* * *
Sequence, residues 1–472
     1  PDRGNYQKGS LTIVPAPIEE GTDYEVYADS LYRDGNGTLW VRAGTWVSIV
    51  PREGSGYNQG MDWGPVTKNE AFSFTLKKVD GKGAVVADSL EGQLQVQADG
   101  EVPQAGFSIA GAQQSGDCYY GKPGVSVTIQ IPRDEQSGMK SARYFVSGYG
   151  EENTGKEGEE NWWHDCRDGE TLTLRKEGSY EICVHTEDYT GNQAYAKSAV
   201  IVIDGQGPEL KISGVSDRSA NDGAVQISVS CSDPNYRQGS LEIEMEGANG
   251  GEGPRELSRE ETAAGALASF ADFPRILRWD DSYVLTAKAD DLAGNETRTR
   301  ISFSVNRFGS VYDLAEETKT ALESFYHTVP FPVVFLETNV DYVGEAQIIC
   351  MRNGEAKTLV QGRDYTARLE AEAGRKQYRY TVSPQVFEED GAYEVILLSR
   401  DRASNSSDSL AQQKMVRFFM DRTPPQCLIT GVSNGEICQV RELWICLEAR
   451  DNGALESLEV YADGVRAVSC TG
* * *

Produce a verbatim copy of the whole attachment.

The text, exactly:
Sequence, residues 1–472
     1  PDRGNYQKGS LTIVPAPIEE GTDYEVYADS LYRDGNGTLW VRAGTWVSIV
    51  PREGSGYNQG MDWGPVTKNE AFSFTLKKVD GKGAVVADSL EGQLQVQADG
   101  EVPQAGFSIA GAQQSGDCYY GKPGVSVTIQ IPRDEQSGMK SARYFVSGYG
   151  EENTGKEGEE NWWHDCRDGE TLTLRKEGSY EICVHTEDYT GNQAYAKSAV
   201  IVIDGQGPEL KISGVSDRSA NDGAVQISVS CSDPNYRQGS LEIEMEGANG
   251  GEGPRELSRE ETAAGALASF ADFPRILRWD DSYVLTAKAD DLAGNETRTR
   301  ISFSVNRFGS VYDLAEETKT ALESFYHTVP FPVVFLETNV DYVGEAQIIC
   351  MRNGEAKTLV QGRDYTARLE AEAGRKQYRY TVSPQVFEED GAYEVILLSR
   401  DRASNSSDSL AQQKMVRFFM DRTPPQCLIT GVSNGEICQV RELWICLEAR
   451  DNGALESLEV YADGVRAVSC TG